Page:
As with most sectors, philanthropy has had its own set of issues to address during the COVID-19 pandemic. For May's "Community Matters," the KSFR monthly public affairs program produced by the Santa Fe Community Foundation, SFCF Chief Executive Officer Bill Smith hosts a discussion with fellow community foundation leaders who share the challenges their communities face around food security and other issues, as well as the initiatives community foundations have undertaken. The New Mexico Coalition of Community Foundations created the the All Together NM Fund, which awarded $550,000 for food assistance from unemployed New Mexicans earlier this month and announced $750,000 for grants to help New Mexico micro businesses.
Outdoor equity fund
Applications for the Outdoor Equity Fund to support New Mexico's outdoor recreation economy opened yesterday and are now available online. SFR wrote about the new Outdoor Recreation Division last year, as well as the fund, which was created to provide more equitable access for youth to the outdoors. Las Cruces City Councilor Gabriel Vasquez, who helped push for the fund's creation, told SFR at the time that, "We wanted to be the first in the nation to do this as a way to really build social and environmental justice into an office of outdoor recreation." Grants of $1,500 to $15,000 will be awarded to local government, state agencies, tribes, pueblos, and nonprofits who have a plan to educate low-income youth (age 18 and under) about climate change and the environment as part of its outdoor recreation program. More details available here.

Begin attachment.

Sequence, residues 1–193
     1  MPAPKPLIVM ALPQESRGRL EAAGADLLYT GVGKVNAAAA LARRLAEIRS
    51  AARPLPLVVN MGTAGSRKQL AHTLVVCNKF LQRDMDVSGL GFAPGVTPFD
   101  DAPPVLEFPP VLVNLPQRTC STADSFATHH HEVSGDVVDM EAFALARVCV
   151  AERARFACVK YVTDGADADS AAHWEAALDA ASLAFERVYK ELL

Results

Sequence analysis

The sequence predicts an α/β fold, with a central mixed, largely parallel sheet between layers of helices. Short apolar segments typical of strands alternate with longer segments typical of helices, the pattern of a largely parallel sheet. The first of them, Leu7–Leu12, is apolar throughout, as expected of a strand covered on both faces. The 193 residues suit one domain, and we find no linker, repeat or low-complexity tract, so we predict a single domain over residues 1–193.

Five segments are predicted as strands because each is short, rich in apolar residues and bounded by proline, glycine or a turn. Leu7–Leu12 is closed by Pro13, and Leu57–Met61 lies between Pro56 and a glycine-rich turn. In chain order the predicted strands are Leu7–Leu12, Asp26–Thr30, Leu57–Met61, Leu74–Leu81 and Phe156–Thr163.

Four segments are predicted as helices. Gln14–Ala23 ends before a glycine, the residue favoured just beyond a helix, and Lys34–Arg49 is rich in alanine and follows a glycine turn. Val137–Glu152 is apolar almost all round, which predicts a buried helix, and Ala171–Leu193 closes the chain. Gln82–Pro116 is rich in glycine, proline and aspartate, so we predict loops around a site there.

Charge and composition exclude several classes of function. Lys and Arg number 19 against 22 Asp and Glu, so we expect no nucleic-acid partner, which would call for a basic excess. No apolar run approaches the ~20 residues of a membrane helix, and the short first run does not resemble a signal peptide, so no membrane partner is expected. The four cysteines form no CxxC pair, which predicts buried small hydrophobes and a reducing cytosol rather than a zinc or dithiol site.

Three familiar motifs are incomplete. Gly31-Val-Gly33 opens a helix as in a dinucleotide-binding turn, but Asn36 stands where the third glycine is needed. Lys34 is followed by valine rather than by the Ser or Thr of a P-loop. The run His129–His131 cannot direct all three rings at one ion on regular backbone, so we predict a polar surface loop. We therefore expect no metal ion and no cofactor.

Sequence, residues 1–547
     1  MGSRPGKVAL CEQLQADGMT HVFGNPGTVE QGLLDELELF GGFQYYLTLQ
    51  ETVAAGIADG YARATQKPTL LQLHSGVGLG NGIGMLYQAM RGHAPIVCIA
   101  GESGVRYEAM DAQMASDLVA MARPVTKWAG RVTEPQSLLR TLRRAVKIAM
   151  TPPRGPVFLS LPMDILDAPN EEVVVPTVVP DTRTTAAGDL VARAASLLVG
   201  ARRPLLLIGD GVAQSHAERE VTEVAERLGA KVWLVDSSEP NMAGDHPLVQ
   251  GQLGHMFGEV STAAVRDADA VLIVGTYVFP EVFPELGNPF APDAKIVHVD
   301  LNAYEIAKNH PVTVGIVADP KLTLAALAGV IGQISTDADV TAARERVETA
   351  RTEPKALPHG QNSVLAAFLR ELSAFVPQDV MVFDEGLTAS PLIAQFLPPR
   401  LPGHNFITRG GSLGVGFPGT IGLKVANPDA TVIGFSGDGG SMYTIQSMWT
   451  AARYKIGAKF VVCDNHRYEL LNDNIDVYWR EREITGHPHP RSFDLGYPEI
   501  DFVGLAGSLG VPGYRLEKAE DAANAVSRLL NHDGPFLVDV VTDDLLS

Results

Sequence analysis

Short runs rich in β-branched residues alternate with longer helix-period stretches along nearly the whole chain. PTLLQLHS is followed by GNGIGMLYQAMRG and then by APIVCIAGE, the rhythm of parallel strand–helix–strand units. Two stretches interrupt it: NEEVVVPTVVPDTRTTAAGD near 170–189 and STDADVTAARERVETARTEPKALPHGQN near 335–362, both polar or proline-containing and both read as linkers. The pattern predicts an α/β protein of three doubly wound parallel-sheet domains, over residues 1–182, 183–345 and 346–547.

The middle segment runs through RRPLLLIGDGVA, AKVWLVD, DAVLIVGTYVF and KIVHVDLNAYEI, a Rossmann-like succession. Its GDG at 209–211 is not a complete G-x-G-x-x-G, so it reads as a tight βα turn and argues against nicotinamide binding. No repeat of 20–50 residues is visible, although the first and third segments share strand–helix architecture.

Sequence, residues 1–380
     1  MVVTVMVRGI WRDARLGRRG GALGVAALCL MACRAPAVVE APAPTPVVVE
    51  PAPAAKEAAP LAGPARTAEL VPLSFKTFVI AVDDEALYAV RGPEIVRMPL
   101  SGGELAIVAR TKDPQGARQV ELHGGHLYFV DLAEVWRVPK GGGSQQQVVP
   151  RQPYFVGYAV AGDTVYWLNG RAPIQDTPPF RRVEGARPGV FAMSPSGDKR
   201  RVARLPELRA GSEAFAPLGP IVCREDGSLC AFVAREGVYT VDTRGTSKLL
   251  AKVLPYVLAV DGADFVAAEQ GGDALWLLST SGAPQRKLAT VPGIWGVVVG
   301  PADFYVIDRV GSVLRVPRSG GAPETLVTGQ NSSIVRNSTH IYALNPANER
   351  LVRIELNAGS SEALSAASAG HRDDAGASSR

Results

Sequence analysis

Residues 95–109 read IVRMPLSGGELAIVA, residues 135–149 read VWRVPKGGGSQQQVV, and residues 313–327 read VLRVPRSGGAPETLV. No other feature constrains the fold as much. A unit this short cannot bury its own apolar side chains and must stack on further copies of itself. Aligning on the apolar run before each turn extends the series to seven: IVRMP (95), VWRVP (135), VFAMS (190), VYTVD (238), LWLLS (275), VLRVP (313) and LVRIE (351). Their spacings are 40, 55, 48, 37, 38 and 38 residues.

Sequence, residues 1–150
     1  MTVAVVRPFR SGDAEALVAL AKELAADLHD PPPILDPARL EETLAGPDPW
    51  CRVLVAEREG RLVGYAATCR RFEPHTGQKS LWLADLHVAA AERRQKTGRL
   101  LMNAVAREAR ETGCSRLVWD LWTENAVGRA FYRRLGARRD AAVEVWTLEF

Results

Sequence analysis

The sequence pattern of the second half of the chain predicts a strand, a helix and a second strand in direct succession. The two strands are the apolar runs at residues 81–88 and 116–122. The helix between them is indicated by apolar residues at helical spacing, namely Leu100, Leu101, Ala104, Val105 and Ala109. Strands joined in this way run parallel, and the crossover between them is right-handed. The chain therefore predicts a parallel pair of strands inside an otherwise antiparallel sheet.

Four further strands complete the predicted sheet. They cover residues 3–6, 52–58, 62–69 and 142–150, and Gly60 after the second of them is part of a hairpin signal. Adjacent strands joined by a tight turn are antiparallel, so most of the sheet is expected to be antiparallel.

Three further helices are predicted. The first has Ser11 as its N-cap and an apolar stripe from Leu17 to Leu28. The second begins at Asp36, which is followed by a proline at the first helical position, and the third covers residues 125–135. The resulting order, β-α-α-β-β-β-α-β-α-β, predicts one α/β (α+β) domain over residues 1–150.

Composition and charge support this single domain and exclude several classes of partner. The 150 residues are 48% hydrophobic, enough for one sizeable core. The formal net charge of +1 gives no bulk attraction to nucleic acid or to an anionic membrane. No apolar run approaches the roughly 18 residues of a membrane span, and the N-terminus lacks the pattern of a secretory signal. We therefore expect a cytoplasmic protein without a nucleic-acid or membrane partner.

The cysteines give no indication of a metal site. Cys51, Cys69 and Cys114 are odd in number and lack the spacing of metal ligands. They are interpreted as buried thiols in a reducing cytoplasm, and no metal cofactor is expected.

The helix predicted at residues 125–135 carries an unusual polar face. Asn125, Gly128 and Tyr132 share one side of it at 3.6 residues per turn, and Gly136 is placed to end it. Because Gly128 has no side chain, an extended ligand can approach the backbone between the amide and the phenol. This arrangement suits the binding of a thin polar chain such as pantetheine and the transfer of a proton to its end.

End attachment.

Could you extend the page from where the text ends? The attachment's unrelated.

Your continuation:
How to BBQ
Hard to imagine a time in which cookbook author, barbecue genius and all-around food aficionado Cheryl Alters Jamison might be unfamiliar with any type of cooking, but there was and that type of cooking was barbecue. "I had no idea what barbecue was," Jamison tells SFR. "I thought it was a sloppy joe thing with sauce." A family trip through Georgia and a stop at a roadside barbecue joint changed that perception. Fast forward to today and Jamison has just released a new book,Texas Q: 100 Recipes for the Very Best Barbecue from the Lone Star State, All Smoke-Cooked to Perfection. A veritable tour through Jamison and her late husband Bill's hard-won barbecue knowledge, the book features sections for equipment, rubs, sauces, starters, sides, desserts and even vegetarian options—it's like Jamison's love letter to a food she discovered as a kid and never got over.
Ready for rain
While most surprises lately have been of the "look, a giant swarm of moths" variety, the unexpected chance of rain today is a welcome shocker. It's true: Today's forecast includes a chance for "isolated sprinkles" after 3 pm. Otherwise, mostly sunny, with a high near 82 degrees and north wind 5 to 15 mph becoming south in the afternoon.